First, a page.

The founding members of the Libra Association Charter gathered in Geneva, Switzerland, on Monday to sign a governance structure and to appoint board members to the cryptocurrency organization amid mounting skepticism of the proposed Libra as another company dropped out of the Facebook-initiated project.
Among the 21 companies that have signed on as representatives as of Monday are venture capital firm Andreesen Horowitz, Uber, Spotify AB, Lyft and Vodafone.
Meanwhile, Booking Holdings became the latest company to pull out of the project.
Stripe, Mastercard, Visa, eBay and Paypal had already dropped out.
“A project announced on June 18 that has sparked an enormous global conversation with a blend of excitement … and apprehension would invariably reframe the calculus for organizations that had wanted to join,” Dante Disparte, Libra’s head of policy and communications, told FOX Business. “What we’re building is a resilient structure.”
Twenty-eight companies were expected to join the project, each committing $10 million. The design of the payment system does not preclude any of these companies from contributing to the ecosystem or accepting Libra payments in the future.
About 1,500 organizations have expressed some interest in the project, according to Disparte, who declined to comment on the investment status.
Concerns have been raised about whether the cryptocurrency will receive regulatory approvals around the globe, as lawmakers in the U.S. express mounting concerns.
Treasury Secretary Steven Mnuchin said in July he is “not comfortable” with Facebook launching Libra, adding the group has “a lot of work to do before they get us comfortable.”
Disparte noted the group is focused on ensuring the technology and governance are right, while regulatory approvals will require ongoing dialogues.
Libra co-founder David Marcus hinted in a tweet on Friday that the pressure on companies “has been intense” regarding regulatory clarity.
Mnuchin also mentioned there are concerns about “privacy issues,” after Facebook was fined a record $5 billion by the Federal Trade Commission over privacy abuses. The company is also the subject of ongoing probes from the FTC and lawmakers.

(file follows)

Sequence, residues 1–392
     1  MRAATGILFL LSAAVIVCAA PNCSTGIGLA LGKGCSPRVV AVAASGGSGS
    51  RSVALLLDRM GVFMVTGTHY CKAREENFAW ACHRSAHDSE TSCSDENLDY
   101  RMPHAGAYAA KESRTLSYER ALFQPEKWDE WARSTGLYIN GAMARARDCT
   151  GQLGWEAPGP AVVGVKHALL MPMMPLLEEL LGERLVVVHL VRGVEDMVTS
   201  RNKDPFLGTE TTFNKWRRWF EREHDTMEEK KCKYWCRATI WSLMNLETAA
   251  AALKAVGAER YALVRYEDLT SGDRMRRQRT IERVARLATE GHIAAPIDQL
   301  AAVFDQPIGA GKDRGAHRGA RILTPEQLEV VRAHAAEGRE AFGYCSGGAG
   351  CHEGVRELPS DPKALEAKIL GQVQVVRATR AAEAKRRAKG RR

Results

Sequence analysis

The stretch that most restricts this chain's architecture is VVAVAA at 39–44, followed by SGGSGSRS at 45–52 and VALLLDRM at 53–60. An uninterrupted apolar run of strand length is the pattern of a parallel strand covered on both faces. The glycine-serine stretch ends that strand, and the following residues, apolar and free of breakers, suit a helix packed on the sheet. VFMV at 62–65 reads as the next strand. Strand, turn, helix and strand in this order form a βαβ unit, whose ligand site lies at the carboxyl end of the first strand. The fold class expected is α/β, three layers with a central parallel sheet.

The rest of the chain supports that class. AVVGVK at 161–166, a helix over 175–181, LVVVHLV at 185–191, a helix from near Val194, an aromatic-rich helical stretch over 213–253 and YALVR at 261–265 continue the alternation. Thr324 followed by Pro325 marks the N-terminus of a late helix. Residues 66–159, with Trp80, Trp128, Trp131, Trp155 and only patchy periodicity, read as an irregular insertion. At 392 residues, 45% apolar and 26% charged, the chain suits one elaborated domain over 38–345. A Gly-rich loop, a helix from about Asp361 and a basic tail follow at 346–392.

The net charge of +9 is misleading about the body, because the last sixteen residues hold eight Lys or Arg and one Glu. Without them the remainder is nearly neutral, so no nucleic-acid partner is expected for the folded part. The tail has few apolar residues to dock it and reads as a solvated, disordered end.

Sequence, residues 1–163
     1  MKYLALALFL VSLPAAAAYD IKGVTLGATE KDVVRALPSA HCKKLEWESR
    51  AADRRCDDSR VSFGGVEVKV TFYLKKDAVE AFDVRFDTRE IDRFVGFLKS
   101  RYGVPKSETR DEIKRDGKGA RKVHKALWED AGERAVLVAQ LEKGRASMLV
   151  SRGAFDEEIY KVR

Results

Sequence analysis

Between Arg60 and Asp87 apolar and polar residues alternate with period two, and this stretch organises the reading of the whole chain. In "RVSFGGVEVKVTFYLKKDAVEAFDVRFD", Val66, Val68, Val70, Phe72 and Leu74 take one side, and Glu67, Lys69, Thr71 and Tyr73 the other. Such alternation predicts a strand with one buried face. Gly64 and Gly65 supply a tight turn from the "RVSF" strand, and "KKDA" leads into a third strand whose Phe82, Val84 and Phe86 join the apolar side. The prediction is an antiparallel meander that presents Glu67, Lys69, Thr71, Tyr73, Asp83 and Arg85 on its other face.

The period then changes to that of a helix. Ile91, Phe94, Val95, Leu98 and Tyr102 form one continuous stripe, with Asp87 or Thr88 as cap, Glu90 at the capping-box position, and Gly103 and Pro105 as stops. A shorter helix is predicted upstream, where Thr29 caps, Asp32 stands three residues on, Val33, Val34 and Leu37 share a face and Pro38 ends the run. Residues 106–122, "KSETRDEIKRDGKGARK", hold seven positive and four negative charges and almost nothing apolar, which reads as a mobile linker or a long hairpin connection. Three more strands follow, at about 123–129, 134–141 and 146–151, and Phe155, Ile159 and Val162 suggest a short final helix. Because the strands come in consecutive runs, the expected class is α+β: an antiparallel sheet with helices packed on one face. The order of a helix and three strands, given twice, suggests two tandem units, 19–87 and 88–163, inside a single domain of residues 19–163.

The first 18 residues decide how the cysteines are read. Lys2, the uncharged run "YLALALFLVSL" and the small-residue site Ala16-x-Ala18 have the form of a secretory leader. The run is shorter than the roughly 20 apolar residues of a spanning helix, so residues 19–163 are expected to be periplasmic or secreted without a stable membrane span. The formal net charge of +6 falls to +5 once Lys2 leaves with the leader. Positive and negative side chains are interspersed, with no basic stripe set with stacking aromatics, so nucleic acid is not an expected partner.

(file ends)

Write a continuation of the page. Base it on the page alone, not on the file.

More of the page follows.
Trust is an important piece of the puzzle for consumers who would be using the payment infrastructure. Disparte pointed to the inclusion of other payment providers and the fact that the code is open-sourced as two reasons why Facebook’s own privacy problems shouldn’t discomfort potential users.
“Whether you trust Facebook, the trust of the Libra project – the Libra payment system and network is not dependent on that,” Disparte said, adding the company has been “a key contributor” to the project and “deserve a little more credit than they’ve received.”
Not only is software open-sourced, but Facebook has also built a firewall between social and financial data.
The goal of the project is to serve “billions” of consumers who do not have access to any financial system, who produce risk because they are endemically impoverished and participate “economically in the shadows,” Disparte said.
Facebook unveiled plans to offer a digital wallet, which would allow for the instant transfer of money across the globe, providing banking options for people with limited access. It has said it will be one of a consortium of dozens of companies that would participate in the Libra Association – an independent entity that would manage the cryptocurrency.
On Monday, five individuals were elected to the Libra Association board: Kiva Microfunds’ Matthew Davie, PayU’s Patrick Ellis, Andreesen Horowitz’s Katie Haun, Calibria’s David Marcus and Xapo’s Wences Casares. Each council member has one vote and decisions will require a super-majority.
Zuckerberg is expected to testify before U.S. lawmakers regarding Libra later this month.